Helsinki and her weanling daughter by Unbridled's Song
packed a huge one-two financial punch as both brought for seven-figure prices Wednesday during the third session of the Keeneland November breeding stock sale. Business continued to boom overall, pushing the Central Kentucky auction's key statistics ahead of last year's pace.
Helsinki, the dam of recent Dewhurst Stakes (Eng-I) winner Shamardal and in foal to Cherokee Run
, sold for $3.9 million to Coolmore Stud, which fought off a challenge from Kentucky horseman Ben P. Walden Jr. The mare's weanling daughter brought $1.15 million from Kentucky horseman John Sikura of Hill 'n' Dale Farm immediately afterward.
An 11-year-old winning daughter of Machiavellian, Helsinki is a full-sister to grade I winner Street Cry
, a Horse of the Year in the United Arab Emirates. Shamardal is by Giant's Causeway, who stands at Coolmore's Kentucky division, Ashford Stud. Christy Grassick of Coolmore signed the sale ticket.
"It's pretty obvious really," said Coolmore managing partner John Magnier, when asked why the powerful international operation that he oversees purchased Helsinki. "That horse (Sharmardal) has beaten us a few times."
Magnier said that Helsinki would remain in this country and be bred to Giant's Causeway.
Sikura said he was impressed by Helsinki's weanling daughter because "she's a half-sister to a (probable) champion and her mare sold well. He added, "She's a big lengthy, growthy filly that hopefully will go on (developing physically) and become more valuable."
When asked if he had bought the filly for himself, Sikura said yes, but said he might "put something together." He also said the "options are open" when asked if the filly would be resold as a yearling or raced. A source close to the transaction indicated that Sikura had signed the sale ticket for Coolmore, but Magnier said that wasn't true.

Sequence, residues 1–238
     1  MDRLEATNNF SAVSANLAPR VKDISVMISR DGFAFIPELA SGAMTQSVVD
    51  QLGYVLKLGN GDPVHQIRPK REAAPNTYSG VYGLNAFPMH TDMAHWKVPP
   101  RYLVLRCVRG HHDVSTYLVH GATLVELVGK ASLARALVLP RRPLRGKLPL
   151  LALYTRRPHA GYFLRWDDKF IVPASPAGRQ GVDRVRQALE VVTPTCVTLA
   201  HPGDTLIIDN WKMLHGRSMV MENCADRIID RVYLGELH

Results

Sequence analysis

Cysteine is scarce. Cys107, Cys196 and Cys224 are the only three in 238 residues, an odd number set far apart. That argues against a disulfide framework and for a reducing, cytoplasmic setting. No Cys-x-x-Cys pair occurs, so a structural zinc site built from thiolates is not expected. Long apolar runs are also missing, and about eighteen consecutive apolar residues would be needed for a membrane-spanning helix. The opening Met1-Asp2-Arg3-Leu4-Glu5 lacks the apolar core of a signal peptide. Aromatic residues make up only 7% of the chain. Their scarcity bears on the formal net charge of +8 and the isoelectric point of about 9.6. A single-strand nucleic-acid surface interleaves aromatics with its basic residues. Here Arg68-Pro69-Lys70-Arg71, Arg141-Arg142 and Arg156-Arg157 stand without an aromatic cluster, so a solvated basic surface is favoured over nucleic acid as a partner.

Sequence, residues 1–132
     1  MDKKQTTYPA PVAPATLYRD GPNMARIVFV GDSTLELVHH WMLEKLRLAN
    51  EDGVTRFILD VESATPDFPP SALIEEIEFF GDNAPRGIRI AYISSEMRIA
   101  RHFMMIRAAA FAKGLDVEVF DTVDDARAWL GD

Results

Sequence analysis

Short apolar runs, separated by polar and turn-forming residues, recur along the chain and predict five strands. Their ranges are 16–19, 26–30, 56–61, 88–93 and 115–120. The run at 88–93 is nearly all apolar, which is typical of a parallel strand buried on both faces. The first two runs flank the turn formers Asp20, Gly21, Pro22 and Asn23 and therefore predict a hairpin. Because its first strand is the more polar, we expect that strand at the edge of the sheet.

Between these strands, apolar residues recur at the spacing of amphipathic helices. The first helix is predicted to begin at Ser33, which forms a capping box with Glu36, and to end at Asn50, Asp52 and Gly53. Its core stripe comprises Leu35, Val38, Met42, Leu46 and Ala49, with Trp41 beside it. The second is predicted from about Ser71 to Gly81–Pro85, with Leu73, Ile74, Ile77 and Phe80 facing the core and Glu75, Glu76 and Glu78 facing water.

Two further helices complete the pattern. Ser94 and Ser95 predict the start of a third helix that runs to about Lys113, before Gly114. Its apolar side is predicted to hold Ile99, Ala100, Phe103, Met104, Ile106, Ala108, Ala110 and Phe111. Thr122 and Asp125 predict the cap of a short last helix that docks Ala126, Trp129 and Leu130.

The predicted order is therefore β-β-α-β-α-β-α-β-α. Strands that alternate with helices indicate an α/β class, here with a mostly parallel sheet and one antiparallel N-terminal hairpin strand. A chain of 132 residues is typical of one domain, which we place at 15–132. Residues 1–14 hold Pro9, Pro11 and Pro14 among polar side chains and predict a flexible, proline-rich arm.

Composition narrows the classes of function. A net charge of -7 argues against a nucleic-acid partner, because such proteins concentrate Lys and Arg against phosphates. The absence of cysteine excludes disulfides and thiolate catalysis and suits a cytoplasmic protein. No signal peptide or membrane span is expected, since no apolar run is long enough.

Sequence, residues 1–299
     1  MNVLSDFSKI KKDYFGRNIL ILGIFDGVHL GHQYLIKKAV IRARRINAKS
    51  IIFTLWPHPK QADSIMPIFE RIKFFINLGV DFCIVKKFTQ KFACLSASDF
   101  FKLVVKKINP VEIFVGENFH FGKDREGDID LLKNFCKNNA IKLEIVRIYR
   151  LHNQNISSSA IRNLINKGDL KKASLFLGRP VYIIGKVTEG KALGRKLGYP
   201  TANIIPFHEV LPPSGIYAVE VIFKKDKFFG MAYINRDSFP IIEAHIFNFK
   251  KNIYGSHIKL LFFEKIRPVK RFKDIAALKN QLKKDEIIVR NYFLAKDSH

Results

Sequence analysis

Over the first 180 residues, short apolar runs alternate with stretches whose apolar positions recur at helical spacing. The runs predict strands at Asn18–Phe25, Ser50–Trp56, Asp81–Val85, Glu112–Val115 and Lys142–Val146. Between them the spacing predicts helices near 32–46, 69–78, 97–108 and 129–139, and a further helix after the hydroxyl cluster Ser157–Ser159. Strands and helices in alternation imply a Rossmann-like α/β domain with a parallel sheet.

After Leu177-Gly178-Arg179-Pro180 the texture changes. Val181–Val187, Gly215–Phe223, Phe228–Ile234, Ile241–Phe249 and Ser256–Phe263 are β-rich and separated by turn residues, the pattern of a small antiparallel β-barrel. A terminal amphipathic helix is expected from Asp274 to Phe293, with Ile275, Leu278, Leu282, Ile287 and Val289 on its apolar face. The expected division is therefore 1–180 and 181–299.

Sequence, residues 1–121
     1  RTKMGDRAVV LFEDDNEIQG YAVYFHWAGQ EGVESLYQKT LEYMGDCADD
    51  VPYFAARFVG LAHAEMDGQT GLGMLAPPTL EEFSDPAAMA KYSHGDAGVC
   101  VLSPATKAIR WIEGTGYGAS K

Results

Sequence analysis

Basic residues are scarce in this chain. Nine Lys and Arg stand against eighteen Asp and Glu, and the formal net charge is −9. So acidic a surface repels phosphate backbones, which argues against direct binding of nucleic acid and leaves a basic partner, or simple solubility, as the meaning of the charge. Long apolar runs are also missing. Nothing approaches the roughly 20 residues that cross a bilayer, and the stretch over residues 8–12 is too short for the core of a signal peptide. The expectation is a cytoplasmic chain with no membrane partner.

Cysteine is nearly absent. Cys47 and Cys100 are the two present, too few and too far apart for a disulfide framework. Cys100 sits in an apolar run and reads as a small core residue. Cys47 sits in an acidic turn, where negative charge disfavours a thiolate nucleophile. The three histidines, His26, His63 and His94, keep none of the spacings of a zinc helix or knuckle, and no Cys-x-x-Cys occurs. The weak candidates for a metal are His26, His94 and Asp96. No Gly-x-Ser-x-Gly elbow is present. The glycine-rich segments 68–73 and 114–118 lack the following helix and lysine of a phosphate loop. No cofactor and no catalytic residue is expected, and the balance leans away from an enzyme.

Taylor Made Sales Agency, which had been honored earlier in the day at Keeneland for surpassing $1 billion in public auction sales, consigned Helsinki and her daughter for Dr. Phil McCarthy and Fred Hertrich. McCarthy is a Kentucky veterinarian, and Hertrich is a Delaware car dealer. They own Watercress Farm near Paris, Ky., and originally had acquired Helsinki privately.
"I would rather not say what we had to pay -- it was before Street Cry became what he was--but we did very well today," Hertrich said. "We sold her because Dr. McCarthy and I run our horse operation as a business to make a profit. It was a business decision. We would have loved to have kept her, but we couldn't afford to.
"Believe it or not, it (the price) was about what we figured the mare would bring based on what had happened so far at the sale," Hertrich continued. "I actually think she undersold a little bit considering how great and deep that family is."
Helsinki and her daughter raised the number of horses sold so far for seven-figure prices at the Keeneland auction to 35.
In all on Wednesday, 267 horses were sold for a gross of $40,070,000, an average price of $150,075, and a median price of $100,000. Compared to last year's figures for the same session, the gross and average soared 57.5% and 41.5%, respectively, while the median increased 16.3%. The buy-back rate fell from 24% to 21%. In 2003, the 240 horses sold grossed $25,448,000 and averaged $106,033. The median was $86,000.
Through three sessions, the figures were 691 horses sold for a gross of $202,533,500, an average of $293,102, and a median of $150,000. Compared to 2003's results, the gross was up 22.3%, and the average was up 7.3%. The median increased 11.1%. The buy-back rate fell from 26% last year to 20% this year. The numbers for 2003 were 606 horses sold for a gross of $165,541,000, an average of $273,170, and a median of $135,000.
According to Keeneland's director of sales, Geoffrey Russell, the trickle down effect resulting from the auction's strong start boosted business in the third session.
"As we've seen in previous sales, people who have been unable to buy on day one and day two come into day three (eager spend money) and we hope that rolls on," said Geoffrey Russell, Keeneland's director of sales.
Narvick International's Emmanuel de Seroux, accompanied by Kendall-Jackson winery founder Jess Jackson, was active again Wednesday, purchasing 26 horses for $3,472,000. Through three days, Narvick is by far the auction's leading buyer, paying $20,629,000 for 89 horses.Results, leading buyer, leading consignor, leading sire lists from Keeneland